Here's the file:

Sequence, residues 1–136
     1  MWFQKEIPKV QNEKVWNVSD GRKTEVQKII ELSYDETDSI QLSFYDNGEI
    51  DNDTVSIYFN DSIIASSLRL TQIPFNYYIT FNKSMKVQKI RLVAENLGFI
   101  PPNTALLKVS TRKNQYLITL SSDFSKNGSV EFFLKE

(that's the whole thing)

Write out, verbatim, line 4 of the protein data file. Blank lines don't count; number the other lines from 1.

   101  PPNTALLKVS TRKNQYLITL SSDFSKNGSV EFFLKE